Choosing between online nursing degree programs is an important step in advancing your nursing career. Between meeting an employers requirements to staying updated with the ever changing health care industry, deciding which nursing program is a valuable decision. American Sentinel’s degree programs are attuned to the needs of nurses. This is part three of a three part series.
It’s a fact of life: if you’re an RN, you’re confronted with industry pressure to advance your nursing education. There is currently a long list of respected agencies that have concluded RNs should be more educated – and a large body of evidence to support this conclusion, by relating a more educated workforce to better patient outcomes. It’s no surprise that many hospitals are taking note and acting on these recommendations.
If your hospital is currently on the Magnet journey, you may soon find yourself on a journey of your own, as you work to meet the requirements of your employer’s new educational policy. But before you enroll in an RN-to-BSN program, take a moment to consider whether you might be better served by choosing an RN-to-MSN degree. It’s true that BSN-prepared nurses are highly sought after by employers who recognize that health care is becoming increasingly more complex. Yet, the MSN degree can prepare an already experienced nurse to move into nursing leadership positions.
So how do you decide between a bachelor’s and master’s degree program? If you’re not sure that nursing will be your career for your entire working life, then an RN-to-BSN program may be the best choice for you. Unless you’re completely committed to specific career goals, you may want to earn a BSN first and then work in the field for a while, in order to assess your skills and interests. Then, as you learn where your strengths lie, you can choose the ideal MSN program to prepare you for your future.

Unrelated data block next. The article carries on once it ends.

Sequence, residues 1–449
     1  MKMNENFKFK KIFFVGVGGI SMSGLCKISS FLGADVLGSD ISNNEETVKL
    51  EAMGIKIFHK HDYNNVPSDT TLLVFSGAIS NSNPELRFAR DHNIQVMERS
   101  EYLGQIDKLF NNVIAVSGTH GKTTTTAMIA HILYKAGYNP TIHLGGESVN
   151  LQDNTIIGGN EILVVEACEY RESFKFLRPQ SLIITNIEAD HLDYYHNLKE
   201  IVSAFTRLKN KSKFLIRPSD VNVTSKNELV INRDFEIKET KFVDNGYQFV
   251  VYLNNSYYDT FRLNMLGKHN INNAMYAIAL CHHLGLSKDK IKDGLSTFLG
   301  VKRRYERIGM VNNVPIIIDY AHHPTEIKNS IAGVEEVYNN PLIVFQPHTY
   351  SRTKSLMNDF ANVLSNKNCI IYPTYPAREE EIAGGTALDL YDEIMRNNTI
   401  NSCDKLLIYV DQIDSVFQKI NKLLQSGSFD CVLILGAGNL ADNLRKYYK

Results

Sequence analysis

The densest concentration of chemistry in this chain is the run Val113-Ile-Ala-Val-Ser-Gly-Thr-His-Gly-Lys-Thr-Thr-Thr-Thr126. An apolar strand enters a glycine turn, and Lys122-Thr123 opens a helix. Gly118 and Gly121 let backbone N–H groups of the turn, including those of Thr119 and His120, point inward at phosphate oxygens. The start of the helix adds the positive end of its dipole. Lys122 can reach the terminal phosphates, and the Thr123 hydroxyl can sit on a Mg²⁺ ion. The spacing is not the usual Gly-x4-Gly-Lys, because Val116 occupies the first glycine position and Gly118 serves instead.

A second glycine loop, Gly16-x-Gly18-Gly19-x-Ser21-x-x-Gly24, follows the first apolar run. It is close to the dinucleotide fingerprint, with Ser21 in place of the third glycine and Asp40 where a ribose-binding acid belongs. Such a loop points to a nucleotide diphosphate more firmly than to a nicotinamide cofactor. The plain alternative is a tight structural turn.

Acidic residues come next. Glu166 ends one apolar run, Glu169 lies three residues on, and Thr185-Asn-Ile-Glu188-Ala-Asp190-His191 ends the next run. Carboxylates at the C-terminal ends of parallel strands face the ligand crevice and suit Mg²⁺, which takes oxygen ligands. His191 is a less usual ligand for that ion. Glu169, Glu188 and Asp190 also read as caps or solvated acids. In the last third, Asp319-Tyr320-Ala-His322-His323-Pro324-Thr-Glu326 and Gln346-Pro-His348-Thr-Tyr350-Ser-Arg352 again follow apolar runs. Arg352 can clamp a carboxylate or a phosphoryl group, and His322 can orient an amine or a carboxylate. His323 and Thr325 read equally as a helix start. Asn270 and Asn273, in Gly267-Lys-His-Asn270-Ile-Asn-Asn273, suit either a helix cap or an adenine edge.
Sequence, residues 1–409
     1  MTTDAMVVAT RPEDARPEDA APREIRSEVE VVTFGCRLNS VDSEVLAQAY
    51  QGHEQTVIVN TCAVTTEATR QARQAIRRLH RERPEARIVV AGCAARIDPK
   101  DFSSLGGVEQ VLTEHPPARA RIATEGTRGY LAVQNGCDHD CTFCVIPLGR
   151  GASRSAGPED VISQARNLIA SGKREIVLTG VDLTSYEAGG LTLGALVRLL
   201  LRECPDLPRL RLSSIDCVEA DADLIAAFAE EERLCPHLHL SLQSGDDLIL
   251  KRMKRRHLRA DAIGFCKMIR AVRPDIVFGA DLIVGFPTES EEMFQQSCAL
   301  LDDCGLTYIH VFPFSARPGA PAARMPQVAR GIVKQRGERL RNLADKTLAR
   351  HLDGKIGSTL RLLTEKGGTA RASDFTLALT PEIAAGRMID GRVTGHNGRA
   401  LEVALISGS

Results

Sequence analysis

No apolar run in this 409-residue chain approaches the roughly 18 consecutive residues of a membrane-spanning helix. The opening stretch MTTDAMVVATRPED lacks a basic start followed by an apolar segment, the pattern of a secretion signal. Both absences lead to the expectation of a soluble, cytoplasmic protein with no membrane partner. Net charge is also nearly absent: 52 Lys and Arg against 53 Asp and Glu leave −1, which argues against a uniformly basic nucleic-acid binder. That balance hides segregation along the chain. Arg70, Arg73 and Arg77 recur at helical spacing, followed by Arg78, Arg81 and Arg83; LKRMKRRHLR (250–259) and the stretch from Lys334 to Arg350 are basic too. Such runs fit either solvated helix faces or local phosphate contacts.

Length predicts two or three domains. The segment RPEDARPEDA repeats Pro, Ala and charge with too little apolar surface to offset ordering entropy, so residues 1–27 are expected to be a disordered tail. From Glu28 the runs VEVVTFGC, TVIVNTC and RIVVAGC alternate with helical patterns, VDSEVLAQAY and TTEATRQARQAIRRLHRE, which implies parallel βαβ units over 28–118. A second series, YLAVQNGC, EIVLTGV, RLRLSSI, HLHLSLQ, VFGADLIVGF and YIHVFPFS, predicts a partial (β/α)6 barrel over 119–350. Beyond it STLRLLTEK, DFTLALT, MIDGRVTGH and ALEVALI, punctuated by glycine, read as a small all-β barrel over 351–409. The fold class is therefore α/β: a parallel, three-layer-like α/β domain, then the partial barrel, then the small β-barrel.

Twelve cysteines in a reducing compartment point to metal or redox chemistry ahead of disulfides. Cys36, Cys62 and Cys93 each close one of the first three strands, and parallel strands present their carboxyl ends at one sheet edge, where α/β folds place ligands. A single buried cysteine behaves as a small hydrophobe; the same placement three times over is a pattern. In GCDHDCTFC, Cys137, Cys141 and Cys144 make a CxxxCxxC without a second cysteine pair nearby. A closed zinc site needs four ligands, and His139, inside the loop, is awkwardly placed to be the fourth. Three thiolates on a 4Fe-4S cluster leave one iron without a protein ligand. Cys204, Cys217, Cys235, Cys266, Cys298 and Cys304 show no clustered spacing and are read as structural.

However, if you know you eventually want to earn a master’s degree in nursing, the RN-to-MSN program can accelerate the process, by making your educational progression seamless. You will likely save both time and money by going straight to an MSN. You’ll only have to make the “back to school” transition once, and will more easily be able to maintain the good habits you need to manage your time while juggling work, school and family.
In its 2010 landmark report, The Future of Nursing: Leading Change, Advancing Health, the Institute of Medicine (IOM) recommends that “nurses should achieve higher levels of education and training, through an improved education system that promotes seamless academic progression.” Recently, the Robert Wood Johnson Foundation (RWJF) issued a policy brief that examines trends in nursing education and highlights promising strategies for overcoming the barriers to nurses’ academic progression. Here’s what it says about RN-to-MSN programs:
As the pressure mounts for nurses to increase their educational preparation, licensed RNs are looking for academic programs that will respect employer and family demands on their time and recognize the education and experience they have already acquired. RN-to-MSN degree completion programs designed with these preferences in mind have found a receptive market. They number 173 today—double their presence just 15 years ago. As these programs proliferate, more and more nurses are opting to bypass BSNs in favor of graduate degrees that open doors to leadership and specialty roles. Because RN-to-MSN programs eliminate redundant coursework and deliver many or all courses online, nurses can earn the higher degree for a relatively small additional investment of time, in some cases, as little as one more year.
This trend coincides with the growing demand for master’s-prepared nurses, who can serve as expert clinicians, nurse executives, and clinical educators. RN-to-MSN programs also provide a necessary credential to nurses who desire faculty positions in diploma and ADN programs, clinical non-tenure track positions in university schools of nursing, or staff development jobs within health care organizations.
It’s clear that an MSN degree is becoming more and more valuable for nurses interested in rewarding careers, from specialties like infection control and case management to nursing education and even management and executive leadership. It also correlates with higher salaries.
At American Sentinel University, the RN-to-MSN program is delivered in an online, flexible format. Experienced nurses who hold their RN license (and RNs who hold bachelor’s degrees in other fields) can apply their associate degree toward the MSN without having to first earn a BSN. American Sentinel online RN-to-MSN program students can further define their education by focusing on one of five relevant areas: case management, infection prevention, nursing education, nursing informatics, and nursing management.